Geneva - The International Air Transport Association (IATA) expressed strong concern over the continued existence of arrival quarantine regimes imposed by state governments in the United States, including New York and Hawaii. IATA urged implementation of pre-departure COVID-19 testing regimes so that states can eliminate quarantine requirements.

“Mandatory arrival quarantines for air travelers have the same effect as outright border closures. There are better ways to protect citizens during the COVID-19 crisis. Instead of implementing job-destroying arrival quarantines, states should be encouraging the federal government to work with other governments to implement pre-departure testing. This will keep people safe and address the vital need to jumpstart struggling local economies and protect jobs that rely on out-of-state and international visitors”, said Peter Cerdá, IATA’s Regional Vice President for The Americas.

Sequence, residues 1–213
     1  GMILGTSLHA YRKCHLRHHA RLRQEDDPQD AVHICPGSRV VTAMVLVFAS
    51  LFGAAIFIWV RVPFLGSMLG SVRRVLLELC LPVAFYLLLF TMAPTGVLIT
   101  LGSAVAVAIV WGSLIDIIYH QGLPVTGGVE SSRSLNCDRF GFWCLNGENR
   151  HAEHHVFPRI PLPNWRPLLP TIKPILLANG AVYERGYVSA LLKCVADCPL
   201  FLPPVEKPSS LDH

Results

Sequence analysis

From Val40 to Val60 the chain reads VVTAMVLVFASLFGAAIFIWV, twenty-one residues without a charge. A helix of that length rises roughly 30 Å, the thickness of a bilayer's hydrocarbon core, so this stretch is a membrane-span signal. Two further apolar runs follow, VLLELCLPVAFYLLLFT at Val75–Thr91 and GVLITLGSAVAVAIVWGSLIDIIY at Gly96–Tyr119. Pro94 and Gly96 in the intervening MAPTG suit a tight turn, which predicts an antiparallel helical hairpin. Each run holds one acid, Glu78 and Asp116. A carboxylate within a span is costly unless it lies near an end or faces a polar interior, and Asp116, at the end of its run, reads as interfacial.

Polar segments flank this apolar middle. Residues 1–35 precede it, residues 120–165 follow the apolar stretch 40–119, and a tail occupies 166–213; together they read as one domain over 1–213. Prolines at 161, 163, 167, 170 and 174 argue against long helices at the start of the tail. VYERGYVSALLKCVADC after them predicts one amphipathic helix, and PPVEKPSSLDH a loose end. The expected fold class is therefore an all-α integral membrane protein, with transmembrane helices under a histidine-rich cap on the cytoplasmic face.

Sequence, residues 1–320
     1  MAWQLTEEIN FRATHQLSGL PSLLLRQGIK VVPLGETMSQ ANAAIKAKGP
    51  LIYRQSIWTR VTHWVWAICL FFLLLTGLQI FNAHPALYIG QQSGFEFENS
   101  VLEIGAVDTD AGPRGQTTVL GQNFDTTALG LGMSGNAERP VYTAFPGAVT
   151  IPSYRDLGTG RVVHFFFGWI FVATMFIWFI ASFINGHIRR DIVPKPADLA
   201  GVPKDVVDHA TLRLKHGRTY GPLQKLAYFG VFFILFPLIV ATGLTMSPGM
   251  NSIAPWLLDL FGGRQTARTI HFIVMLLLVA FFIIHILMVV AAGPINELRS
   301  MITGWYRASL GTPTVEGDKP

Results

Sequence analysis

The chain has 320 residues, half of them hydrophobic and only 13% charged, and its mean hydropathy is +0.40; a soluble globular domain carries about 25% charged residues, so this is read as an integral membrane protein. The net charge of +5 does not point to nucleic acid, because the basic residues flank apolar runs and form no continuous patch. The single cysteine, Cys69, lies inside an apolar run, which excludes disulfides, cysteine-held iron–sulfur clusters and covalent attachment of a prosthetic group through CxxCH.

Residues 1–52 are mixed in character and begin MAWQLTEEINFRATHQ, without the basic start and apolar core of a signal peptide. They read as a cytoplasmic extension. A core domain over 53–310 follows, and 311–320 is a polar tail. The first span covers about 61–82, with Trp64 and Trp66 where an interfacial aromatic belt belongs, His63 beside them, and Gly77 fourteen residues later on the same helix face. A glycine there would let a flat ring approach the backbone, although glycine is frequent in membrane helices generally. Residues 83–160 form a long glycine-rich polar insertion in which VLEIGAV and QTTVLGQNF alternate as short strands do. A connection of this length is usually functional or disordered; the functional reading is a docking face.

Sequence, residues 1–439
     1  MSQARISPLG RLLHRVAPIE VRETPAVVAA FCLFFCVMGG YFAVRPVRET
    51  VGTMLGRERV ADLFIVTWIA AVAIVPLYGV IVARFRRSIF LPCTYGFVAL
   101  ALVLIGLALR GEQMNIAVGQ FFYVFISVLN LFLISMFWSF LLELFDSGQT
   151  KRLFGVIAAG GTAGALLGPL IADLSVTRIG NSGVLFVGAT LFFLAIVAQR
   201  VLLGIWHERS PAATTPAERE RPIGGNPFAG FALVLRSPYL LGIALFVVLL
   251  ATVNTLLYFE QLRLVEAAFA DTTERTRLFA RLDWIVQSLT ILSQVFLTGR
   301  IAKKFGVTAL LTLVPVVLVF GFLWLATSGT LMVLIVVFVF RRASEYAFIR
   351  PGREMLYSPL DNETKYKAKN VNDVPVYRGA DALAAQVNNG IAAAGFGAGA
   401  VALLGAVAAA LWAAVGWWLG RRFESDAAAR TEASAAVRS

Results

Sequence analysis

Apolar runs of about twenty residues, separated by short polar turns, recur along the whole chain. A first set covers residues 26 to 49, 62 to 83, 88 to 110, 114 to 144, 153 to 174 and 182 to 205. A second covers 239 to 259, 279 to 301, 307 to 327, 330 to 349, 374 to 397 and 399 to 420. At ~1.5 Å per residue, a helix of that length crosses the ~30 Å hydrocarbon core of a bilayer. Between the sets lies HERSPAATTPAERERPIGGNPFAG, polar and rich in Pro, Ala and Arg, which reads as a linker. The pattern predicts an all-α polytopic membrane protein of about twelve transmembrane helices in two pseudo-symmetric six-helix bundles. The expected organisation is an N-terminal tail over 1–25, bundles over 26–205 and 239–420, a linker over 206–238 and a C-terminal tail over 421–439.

Airlines are taking the lead in working to replace quarantines with measures, such as pre-departure testing being put in place on some routes and at some airports, most notably for Hawaii-bound travelers from US West Coast gateway cities. These and other airline-led testing programs will provide valuable experience while the numbers of travelers are still low, so that testing can be efficiently ramped-up as demand returns.

Passengers also support testing over quarantines. According to our latest survey of recent travelers, 64% of US travelers surveyed agreed that quarantine is unnecessary if a person tests negative for COVID-19. Eighty percent were willing to take a pre-departure COVID test. And 56% believe that COVID-19 is sufficiently controlled in the US to open up to international visitors.

Establishing internationally agreed pre-departure testing is the key to unlocking global connectivity, stimulating battered economies, and giving hope to the 10% of the global workforce whose livelihoods depend on travel and tourism.

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Notes for Editors:

  • IATA (International Air Transport Association) represents some 290 airlines comprising 82% of global air traffic.